POST 1: The National Labor Relations Act of 1935 established that employees have the right to join a union, collectively bargain through chosen representatives, go on strike, and also refrain from union activity (Seaquist, 2015). What this means is that employees now had the ability to negotiate wages that would allow them to cover their expenses. They could also negotiate working conditions and benefits. The NLRA also gave workers traction. They now had the ability to have leverage in negotiations. If terms could not be met, employees could strike to apply pressure to the organization to meet its terms or at least come back with a better offer. Previously all of this leverage only rested with employers. If you did not like your working conditions, or maybe started trying to get employees to join together, employers could get rid of you. By its nature, the NLRA protected people in these situations. Most of the things we enjoy as far as safety, competitive wages, and benefits can be drawn directly back to the NLRA.

POST 2: Federal legislation was and has been a huge part of union and employer regulating. “Congress amended the Sherman Antitrust Act with the Clayton Antitrust Act of 1914, a federal statute that added language specifically excluding labor unions from being deemed a combination or conspiracy. Unions and labor leaders alike heralded the Clayton Act. Gompers declared it the “industrial Magna Carta upon which the working people will rear their construction of industrial freedom” (Seaquist, 2015). I do think that labor groups would have evolved, but it would have taken longer and they probably wouldn’t have had much of the protection that they had with big government coming in to help regulate how organizations had/have to treat employees. Establishing and maintaining strength the way they have over the years couldn’t have happened by themselves. “The National Labor Relations Act set up a framework of protection for labor unions, only to be tempered by Taft-Hartley, which outlawed closed shops, and Landrum-Griffin, which held unions more accountable. Public unions were recognized but then saw much of their power diminished when Reagan fired all of the striking air traffic controllers and replaced them. The many strikes in the private sector led to greater negative opinion among the American public about unions in general” (Seaquist, 2015).

PST 3: In today's world everyone needs to keep up with what is going on technology wise. The NLRA has strict rules about employers and employees conversing with one another and they describe this as coercion, surveillance and interrogation. In this comment alone 'While workers may initiate the idea of unionizing in discussions and meetings among themselves, it is not until they sign authorization cards or begin leafleting that employers know organizing is occurring. Once aware, the astute manager must view this event as a turning point and immediately make sure his or her behavior complies with the NLRA." (Seaquist, G. 2015). You can see that it never mentions the electronic ways of communication such as texts, emails, instant messages. All of these are alternate ways to speak to someone without anyone else knowing. The laws should be updated to include these. This section "Section 7 of the National Labor Relations Act (the Act) guarantees employees "the right to self-organization, to form, join, or assist labor organizations, to bargain collectively through representatives of their own choosing, and to engage in other concerted activities for the purpose of collective bargaining or other mutual aid or protection," as well as the right "to refrain from any or all such activities."(NLRB.n.d.). In this updated article the NLRB does send out electronic messages but the laws still do not reflect their actions of how employers can stop and interfere with employees about union announcements.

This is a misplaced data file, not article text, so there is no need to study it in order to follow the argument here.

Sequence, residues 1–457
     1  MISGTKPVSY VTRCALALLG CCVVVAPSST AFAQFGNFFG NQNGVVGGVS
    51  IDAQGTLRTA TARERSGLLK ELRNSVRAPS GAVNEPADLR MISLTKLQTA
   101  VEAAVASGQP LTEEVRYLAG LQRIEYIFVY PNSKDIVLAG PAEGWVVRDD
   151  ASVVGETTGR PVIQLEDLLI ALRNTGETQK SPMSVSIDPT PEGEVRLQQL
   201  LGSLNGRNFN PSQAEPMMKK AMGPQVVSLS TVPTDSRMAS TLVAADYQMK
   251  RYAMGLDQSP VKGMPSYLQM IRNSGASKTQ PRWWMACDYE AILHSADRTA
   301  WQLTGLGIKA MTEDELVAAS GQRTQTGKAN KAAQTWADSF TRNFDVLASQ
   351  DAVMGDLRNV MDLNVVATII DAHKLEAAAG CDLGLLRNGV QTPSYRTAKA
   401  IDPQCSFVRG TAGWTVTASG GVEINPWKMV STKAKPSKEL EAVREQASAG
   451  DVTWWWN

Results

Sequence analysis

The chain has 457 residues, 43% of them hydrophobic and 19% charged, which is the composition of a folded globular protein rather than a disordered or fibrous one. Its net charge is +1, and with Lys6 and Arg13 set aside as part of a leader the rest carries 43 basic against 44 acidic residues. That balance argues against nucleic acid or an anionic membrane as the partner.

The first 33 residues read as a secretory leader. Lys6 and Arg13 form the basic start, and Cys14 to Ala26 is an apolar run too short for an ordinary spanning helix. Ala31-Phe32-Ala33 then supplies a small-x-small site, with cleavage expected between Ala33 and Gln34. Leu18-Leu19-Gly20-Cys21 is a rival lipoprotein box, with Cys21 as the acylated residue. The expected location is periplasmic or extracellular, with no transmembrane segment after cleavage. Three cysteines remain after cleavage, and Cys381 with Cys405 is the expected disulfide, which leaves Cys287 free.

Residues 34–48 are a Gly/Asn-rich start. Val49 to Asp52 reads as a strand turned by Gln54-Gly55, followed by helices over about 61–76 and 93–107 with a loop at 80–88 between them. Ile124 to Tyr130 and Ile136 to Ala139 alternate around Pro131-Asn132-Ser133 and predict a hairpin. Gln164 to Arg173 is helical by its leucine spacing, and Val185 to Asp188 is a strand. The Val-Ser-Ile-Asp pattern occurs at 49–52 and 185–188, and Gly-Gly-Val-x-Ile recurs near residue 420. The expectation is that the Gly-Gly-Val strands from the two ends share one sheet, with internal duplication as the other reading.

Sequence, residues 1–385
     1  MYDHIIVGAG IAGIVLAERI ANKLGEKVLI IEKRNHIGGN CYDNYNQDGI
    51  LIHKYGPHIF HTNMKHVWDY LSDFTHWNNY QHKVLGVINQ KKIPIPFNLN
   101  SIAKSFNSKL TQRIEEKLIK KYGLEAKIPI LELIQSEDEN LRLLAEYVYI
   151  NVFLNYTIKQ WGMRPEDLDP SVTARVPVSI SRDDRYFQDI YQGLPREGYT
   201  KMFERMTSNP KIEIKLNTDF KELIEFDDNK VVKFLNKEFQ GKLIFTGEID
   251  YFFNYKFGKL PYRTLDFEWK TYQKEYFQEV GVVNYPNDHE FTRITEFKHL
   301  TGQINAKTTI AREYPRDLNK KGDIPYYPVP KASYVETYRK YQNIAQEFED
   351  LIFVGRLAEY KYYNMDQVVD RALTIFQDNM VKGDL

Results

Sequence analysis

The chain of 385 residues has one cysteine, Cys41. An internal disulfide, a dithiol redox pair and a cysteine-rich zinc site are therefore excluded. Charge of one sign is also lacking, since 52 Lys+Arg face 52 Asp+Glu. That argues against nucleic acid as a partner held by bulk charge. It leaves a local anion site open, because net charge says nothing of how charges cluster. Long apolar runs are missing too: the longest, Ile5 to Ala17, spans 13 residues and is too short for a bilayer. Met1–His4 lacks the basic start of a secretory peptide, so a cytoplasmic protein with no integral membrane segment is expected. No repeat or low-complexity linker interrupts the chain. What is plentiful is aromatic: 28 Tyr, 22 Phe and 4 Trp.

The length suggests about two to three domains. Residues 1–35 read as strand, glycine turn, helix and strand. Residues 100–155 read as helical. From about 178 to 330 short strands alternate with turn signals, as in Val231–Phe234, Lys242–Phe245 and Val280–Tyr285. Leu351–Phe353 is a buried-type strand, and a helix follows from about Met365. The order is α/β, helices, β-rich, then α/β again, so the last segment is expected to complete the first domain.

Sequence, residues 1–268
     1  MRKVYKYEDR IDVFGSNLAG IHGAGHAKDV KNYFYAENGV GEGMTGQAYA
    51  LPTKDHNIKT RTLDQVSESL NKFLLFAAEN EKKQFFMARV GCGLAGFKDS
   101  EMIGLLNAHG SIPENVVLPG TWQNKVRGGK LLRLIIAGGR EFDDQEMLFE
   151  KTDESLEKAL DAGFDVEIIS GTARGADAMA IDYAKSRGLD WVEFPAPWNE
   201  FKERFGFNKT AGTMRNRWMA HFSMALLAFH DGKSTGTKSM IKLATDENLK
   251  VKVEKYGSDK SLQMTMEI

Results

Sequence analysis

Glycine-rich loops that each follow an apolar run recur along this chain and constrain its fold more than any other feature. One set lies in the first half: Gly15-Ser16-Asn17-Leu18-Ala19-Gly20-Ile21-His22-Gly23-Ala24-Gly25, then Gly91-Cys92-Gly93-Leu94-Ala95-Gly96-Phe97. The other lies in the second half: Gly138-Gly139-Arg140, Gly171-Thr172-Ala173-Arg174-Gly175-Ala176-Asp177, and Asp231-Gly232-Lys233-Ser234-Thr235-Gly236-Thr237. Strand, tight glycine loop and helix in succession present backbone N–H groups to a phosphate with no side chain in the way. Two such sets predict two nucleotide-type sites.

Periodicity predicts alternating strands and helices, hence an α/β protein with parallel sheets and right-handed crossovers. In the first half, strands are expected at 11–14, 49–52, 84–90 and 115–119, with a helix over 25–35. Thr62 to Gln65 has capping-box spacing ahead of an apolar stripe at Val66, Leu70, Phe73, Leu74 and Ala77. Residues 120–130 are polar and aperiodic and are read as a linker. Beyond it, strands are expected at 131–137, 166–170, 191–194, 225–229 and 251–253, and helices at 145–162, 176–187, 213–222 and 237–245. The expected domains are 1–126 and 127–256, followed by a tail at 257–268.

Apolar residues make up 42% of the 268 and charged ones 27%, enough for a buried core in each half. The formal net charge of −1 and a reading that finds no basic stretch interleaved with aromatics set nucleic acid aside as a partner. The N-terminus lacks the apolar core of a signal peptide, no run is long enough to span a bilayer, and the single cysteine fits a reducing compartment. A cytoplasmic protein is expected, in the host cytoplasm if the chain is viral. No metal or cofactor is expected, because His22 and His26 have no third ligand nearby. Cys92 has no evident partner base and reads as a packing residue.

Post 4: It is very clear that the NLRA rules regarding contact with employees have completely and utterly failed to keep up with the thought of new technology. The NLRA has a very clear agenda and vitally important agenda that protects and defends employee rights. Employees have the right to unionize, to join together to advance their interests as employees, and to refrain from such activity. It is unlawful for an employer to interfere with, restrain, or coerce employees in the exercise of their rights. The NLRA has rules and guidelines that have clearly failed to do their intended purposes mainly due to the fact that most of the verbiage does not specify any technology based media points. For example, the means to restrict contact through internet mediums such as emails, instant messenger, and other numerous internet communications channels has been completely displaced. Although, the National Labor Relations Act has failed to keep up with most technology aspects when it comes to rules regarding contact it attempts to protect the rights of employees to act together to address conditions at work, with or without a union. This protection extends to certain work-related conversations conducted on social media, such as Facebook and Twitter (NLRA, 2015). This is something that the National Labor Relations Board has had several cases regarding work related conversations conducted since all the way back in 2010.In this modern era most communications especially dispersed and business communications is conducted through electronic means with less and less face to face conversations and discussions.